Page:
Are You Ready to Date Sober?

By The Fix staff 07/15/19

At first, recovery is all about focusing on yourself, but eventually you may want someone to share a sober life with.

Image: 
a young couple on a sober date

Setting up life in recovery is a long process. First, you have to learn to live without substances, then relearn how to face the highs and lows of life during sober singles dating. Many people need to spend time during early recovery repairing the damage that they have done to their relationships, finances or careers during active addiction. 

But eventually you’ll be interested in dating again. For may sober singles, dating is intimidating. You have all the regular insecurities — about putting yourself out there, meeting new people and being vulnerable — as well as the unique worries about how dating will affect your sobriety. 

Here’s how to know whether you’re ready to give sober singes dating a try, or whether you should spend more time strengthening your recovery. 

Have you been sober for at least a year?

In many recovery traditions — specifically 12 step traditions — people are advised to wait until they have been in recovery for a year before they begin dating. This gives people time to focus on their recoveries, without the distractions and challenges of dating. 

“The first year of sobriety is fraught with challenging issues,” psychologist and addiction counselor Anne Lewis told U.S. News and World Reports. “It will be easy for many to find replacement addictions, such as a love addiction, to replace the high the drug or alcohol provided. Many people enjoy the honeymoon phase of relationships, feeling euphoria from the new love, making it more challenging to address issues that underlie the addiction. Typically these underlying issues are related to our negative core beliefs, a difficult thing to uncover when we are viewed as ‘perfect’ by our new partner.”

Although a year might seem like a long time, it will pass quickly. Remember, thousands of people have been on this road before, and learned hard lessons along the way. If you’re considering dating before the first year is up, take a moment to reconsider. 

Are you comfortable talking about your sobriety?

Oftentimes dating centers around drinking, since going to a bar an easy way to catch up in our culture. Because of that, people dating need to be comfortable explaining their sobriety and owning their recovery story. 

Lucy Price spoke to Glamour for a story about sober singles dating and said that in early recovery she had to joke about her sobriety, but with him she became more comfortable being upfront and honest.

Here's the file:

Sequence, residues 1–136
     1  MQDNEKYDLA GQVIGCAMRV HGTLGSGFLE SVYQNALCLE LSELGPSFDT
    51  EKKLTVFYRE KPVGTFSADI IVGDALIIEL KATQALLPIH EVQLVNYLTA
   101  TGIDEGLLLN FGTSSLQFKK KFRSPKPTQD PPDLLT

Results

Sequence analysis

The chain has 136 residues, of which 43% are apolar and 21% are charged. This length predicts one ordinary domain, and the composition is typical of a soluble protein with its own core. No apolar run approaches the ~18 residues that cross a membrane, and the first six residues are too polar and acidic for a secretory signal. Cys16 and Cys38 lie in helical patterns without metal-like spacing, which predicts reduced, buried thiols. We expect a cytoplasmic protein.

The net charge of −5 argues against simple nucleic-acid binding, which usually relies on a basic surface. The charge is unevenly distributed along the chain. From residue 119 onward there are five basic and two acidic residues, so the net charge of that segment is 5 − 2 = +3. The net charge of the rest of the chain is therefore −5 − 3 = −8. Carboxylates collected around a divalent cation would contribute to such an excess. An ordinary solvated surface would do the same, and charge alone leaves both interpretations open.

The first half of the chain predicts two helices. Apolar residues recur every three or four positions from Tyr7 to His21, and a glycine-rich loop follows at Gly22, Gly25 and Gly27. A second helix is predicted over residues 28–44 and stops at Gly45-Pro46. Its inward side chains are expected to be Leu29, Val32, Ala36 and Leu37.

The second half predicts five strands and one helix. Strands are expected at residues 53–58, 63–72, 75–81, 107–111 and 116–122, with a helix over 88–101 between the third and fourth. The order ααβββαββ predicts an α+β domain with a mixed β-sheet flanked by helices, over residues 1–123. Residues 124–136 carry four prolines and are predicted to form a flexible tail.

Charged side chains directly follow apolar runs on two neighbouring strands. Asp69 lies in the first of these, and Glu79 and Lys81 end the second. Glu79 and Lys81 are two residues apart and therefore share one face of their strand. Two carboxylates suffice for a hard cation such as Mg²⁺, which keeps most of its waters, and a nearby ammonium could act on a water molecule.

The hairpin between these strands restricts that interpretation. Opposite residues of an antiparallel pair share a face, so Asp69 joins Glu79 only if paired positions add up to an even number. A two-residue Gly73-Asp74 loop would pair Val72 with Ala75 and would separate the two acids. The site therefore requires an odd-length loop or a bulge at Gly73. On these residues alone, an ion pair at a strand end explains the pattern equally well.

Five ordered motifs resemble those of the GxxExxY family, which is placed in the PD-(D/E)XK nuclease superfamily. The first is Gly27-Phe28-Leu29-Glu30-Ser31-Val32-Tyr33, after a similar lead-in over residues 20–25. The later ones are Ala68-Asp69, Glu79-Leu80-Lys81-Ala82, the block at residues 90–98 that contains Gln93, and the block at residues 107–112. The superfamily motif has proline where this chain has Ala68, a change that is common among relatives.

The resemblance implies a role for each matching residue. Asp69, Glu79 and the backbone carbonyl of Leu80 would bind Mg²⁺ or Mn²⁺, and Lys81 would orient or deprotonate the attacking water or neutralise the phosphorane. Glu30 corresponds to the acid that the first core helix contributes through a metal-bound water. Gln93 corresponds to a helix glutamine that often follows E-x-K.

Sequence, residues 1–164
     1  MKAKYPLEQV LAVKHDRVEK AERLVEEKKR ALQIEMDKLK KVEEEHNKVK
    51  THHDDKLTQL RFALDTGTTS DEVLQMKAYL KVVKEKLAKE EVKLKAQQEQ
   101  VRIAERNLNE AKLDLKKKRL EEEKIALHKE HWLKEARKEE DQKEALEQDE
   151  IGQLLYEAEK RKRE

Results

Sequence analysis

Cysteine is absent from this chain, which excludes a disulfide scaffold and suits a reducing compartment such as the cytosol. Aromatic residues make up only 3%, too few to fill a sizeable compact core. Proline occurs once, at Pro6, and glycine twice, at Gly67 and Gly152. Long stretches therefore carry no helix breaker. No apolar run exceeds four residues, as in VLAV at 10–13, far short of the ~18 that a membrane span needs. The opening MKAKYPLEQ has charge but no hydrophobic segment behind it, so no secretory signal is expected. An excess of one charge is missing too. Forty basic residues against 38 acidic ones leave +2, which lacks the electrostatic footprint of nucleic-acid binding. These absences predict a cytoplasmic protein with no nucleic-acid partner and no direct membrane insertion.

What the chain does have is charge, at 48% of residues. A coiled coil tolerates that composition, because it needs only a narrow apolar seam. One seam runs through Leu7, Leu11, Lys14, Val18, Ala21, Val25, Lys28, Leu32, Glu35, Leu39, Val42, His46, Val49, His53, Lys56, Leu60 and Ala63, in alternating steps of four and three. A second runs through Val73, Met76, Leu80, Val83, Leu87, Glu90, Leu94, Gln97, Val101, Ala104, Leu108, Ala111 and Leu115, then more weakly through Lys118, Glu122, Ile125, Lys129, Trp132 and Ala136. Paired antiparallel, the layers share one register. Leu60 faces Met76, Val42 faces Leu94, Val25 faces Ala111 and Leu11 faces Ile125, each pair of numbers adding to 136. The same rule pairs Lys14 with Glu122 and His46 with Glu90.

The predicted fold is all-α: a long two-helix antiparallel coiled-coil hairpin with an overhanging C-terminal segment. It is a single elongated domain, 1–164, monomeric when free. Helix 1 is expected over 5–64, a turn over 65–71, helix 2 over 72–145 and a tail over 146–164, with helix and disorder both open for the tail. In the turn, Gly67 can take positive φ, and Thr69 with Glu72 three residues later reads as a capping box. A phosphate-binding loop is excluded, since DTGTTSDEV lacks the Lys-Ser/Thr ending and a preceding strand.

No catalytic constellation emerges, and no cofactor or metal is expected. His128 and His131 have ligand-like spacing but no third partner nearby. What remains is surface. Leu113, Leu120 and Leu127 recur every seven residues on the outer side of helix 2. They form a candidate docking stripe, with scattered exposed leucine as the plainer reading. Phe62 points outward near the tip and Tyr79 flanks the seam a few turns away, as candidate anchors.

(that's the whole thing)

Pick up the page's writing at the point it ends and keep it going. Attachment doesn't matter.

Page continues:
“I would make jokes like, ‘When I drink I tend to break out in handcuffs,’ which lightened the mood,” she said. “But as the years went by, I became more comfortable in my skin, so now I’ll just say I'm an alcoholic in recovery.”

If you’re not comfortable discussing your sobriety, you might find yourself in situations that are triggering, so it’s a good idea to practice what you’ll say before you are on a date where you may encounter an uncomfortable situation. 

Are you adding something or filing a void?

Sometimes people look for love for all the wrong reasons. It’s easy to think that a new relationship will add something to our lives, help us be our best selves, or aid in overcoming challenges. However, to really solve problems in your life you need to work through them yourself, not look for external solutions. 

Writing for The Fix, Kristin Fehrman reflected on her tendency to always want something more, rather than being mindful about her current state. 

“My life has been a variation of this experience, from shopping to dreaming about my future. What was right in front of me was never sufficient; I was always fixated on what was next,” she said. 

Many people — in recovery or not — do this in their love lives as well. If you’re considering starting to date in sobriety, ask yourself whether you are looking to fill a void or give yourself distraction. Those are not good reasons to start dating. However, if you find that you’re genuinely looking to add something into this new, healthy life that you’ve created, it may be time to give sober dating a try.

Please read our comment policy. - The Fix
Disqus comments
the-fix-logo.png

The Fix staff consists of the editor-in-chief and publisher, a senior editor, an associate editor, an editorial coordinator, and several contributing editors and writers. Articles in Professional Voices, Ask an Expert, and similar sections are written by doctors, psychologists, clinicians, professors and other experts from universities, hospitals, government agencies and elsewhere. For contact and other info, please visit our About Us page.

Disqus comments